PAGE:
Friday, August 24, 2012

Alewife by Douglas Watts


Ordering info for: Alewife by Douglas Watts (hard copy and ebook).

"Alewife" is a personal, biological and historical account of the alewife (Alosa pseudoharengus), one of the (formerly) most abundant sea-run fish of the U.S. Atlantic seaboard. It is the only full-length treatment of the natural and cultural history of this keystone wildlife species ever written.

"Alewife" tells the story of a fish, the alewife, once ubiquitous to the eastern U.S., which is almost gone due to wholly human causes; and a never-been-told 400 year history of many long forgotten people who labored mightily to bring the alewife back. It tells the story of the fish through its own eyes and life, apart from what it 'can do' for us. It depicts a place where cultural, natural, political and legal forces wildly collide. It's about the fight for, against, and over a dimunitive but once extremely abundant fish that still continues today in state and federal court rooms across the states of the eastern seaboard. It is about what nature in our backyards meant to us in the past, what it means today and what it might mean to us 10, 20 or 50 years from now. It's a story about a lot of disparate people over 400 years and how nature and culture provoked them for good, bad and indifferent. It's not nearly complete, there are many stories still untold, but gives a flavor for the battlefield, the stakes to be lost and gained and hints to where the tipping points have been and still are. It's a hybrid, with all the advantages and disadvantages an unorthodox approach entails. Bridging gaps might be its central theme. I wrote this for an adventurous reader who is not afraid to skip a chapter and then come back to it later. It is intentionally kaleidoscopic; a multi-levelled story. The essays owe much to the series of young adult books, "Tell Me Why," by Arkady Leokum. 

The book is in two sections. One section is selected verbatim public domain record excerpts describing the species and its use and abuse by humans in New England from the 1600s to present. Most of these documents were written in quill pen, discovered and hand copied by the author, and have never seen the light of day before. The second section tells, in a personal essay style, the story of the alewife, based mostly on recent efforts in New England to protect and save them. 

The book began several years ago as the historic texts with a short introduction and was originally intended for dissemination to fisheries scientists, environmental regulators and river conservationists as a technical, factual resource. At the instigation of a fellow writer, Kerry Hardy (who wrote the foreword), I loosened up to tell in a first-person voice my many encounters with these critters in the waters of New England since childhood and the obstacles one encounters trying to help them not go extinct. It's a tough racket. These personal stories echo back to the historical texts, which detail how people 50, 100, 200 years ago tried to do the same thing and encountered nearly identical obstacles, albeit time-shifted by a century or three.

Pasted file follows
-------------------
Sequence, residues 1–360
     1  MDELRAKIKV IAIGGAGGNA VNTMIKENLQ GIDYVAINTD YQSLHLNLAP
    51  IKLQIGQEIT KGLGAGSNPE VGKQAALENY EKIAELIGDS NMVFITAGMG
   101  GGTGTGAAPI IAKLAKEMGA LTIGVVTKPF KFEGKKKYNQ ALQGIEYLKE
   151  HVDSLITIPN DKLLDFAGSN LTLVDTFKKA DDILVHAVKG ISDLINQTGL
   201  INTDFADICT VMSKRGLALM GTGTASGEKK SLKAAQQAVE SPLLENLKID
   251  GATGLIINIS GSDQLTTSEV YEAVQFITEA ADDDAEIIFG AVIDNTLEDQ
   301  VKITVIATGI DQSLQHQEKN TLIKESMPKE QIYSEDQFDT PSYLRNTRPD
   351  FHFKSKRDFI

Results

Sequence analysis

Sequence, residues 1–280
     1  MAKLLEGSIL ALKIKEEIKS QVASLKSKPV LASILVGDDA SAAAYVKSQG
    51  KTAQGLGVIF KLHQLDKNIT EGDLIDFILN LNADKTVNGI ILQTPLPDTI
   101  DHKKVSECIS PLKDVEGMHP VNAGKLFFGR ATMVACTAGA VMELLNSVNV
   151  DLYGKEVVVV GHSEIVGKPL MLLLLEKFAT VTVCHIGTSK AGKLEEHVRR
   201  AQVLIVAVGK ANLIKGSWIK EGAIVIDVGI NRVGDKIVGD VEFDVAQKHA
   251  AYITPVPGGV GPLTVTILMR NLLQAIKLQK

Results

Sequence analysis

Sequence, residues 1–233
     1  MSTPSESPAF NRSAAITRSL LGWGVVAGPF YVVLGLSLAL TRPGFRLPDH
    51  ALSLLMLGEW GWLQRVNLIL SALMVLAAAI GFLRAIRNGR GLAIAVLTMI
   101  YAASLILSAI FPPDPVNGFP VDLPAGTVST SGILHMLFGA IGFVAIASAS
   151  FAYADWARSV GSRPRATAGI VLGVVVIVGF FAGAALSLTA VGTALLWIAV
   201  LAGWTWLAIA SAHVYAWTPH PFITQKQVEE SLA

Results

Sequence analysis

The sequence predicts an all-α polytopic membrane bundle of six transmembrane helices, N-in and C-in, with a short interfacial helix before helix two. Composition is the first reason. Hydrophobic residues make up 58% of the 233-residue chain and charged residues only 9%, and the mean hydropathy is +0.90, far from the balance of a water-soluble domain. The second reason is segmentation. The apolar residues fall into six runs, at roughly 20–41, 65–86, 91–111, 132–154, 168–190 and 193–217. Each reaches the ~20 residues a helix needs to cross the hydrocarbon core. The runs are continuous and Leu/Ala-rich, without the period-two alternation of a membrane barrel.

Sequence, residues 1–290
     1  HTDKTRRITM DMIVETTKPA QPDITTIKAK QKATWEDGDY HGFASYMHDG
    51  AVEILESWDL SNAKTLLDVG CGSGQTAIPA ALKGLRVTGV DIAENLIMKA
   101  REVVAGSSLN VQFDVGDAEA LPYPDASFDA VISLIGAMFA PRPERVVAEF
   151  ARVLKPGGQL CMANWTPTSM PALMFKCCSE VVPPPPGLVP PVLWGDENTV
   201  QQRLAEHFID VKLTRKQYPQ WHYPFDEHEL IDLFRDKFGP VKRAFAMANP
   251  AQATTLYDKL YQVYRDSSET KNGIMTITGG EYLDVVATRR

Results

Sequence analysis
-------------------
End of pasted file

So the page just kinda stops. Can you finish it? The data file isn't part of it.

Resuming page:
The tone and weight of the text is balanced to make it accessible to an informed and inquisitive lay audience and to a professional scientific audience; and above all, to be fully scientifically sourced. My brother and I's personal travails trying to help alewives survive are deliberately told in a 'camp-fire' fashion and with the level of humor and absurdity the details deserve. 

About the Author

Douglas Watts was born in North Easton, Massachusetts in 1964 a few dozen miles from Cape Cod and the Atlantic Ocean in southeastern Massachusetts and spent most of his childhood up to his waist in ponds and brooks and saltwater. He received his education in journalism and English at the Univ. of Maine at Orono from 1982-1986. In 1986 he began work as a full-time newspaper and magazine reporter, editor and photographer in Maine and Massachusetts for a variety of small and large newspapers and then as a conservation writer for the Maine Sportsman magazine, the Atlantic Salmon Journal, Wild Steelhead & Salmon, and Corporate Challenge News. Since 1999 he has worked full-time as a professional consultant for numerous New England conservation groups, doing ecological and legal research on the history and health of New England's coastal river ecosystems. This historic research forms the bulk and inspiration of "Alewife." Since 1998, he has been a plaintiff and/or principal researcher in numerous legal cases in Maine and Massachusetts regarding restoring native sea-run fish to rivers of the northeastern U.S. His historic research has been used and cited by the United States Supreme Court in a landmark 2006 Clean Water Act case, S.D. Warren v. Maine BEP, and by the National Academy of Science in its 2004 monograph on the status of native Atlantic salmon in the United States. His advocacy on behalf of the American eel is featured in a Sept. 2010 National Geographic story by writer and artist James Prosek and his book on the same topic, "Eels," (Harper Collins 2010). He was a consultant and subject in the 2003 film "Troubled Waters: the Dilemma of Dams" by Beth and George Gage, featured at the Telluride Film Festival and Maine Film Festival.  

1 comment:

David Greeley said...

Hi Doug, Read your Alewife book, loved it, and sent copies to my three sons and others. I live in Jackson in the Marsh Stream Watershed. The Town of Frankfort owns the dam at the head of tide in the village. I am trying to gather local support for dam removal. To have some documentation that people have been trying restore fish passage in the past would really help the cause. Did you ever see references to the Marsh Stream and the towns of Frankfort, Winterport, Munroe, Jackson, Brooks and Knox ?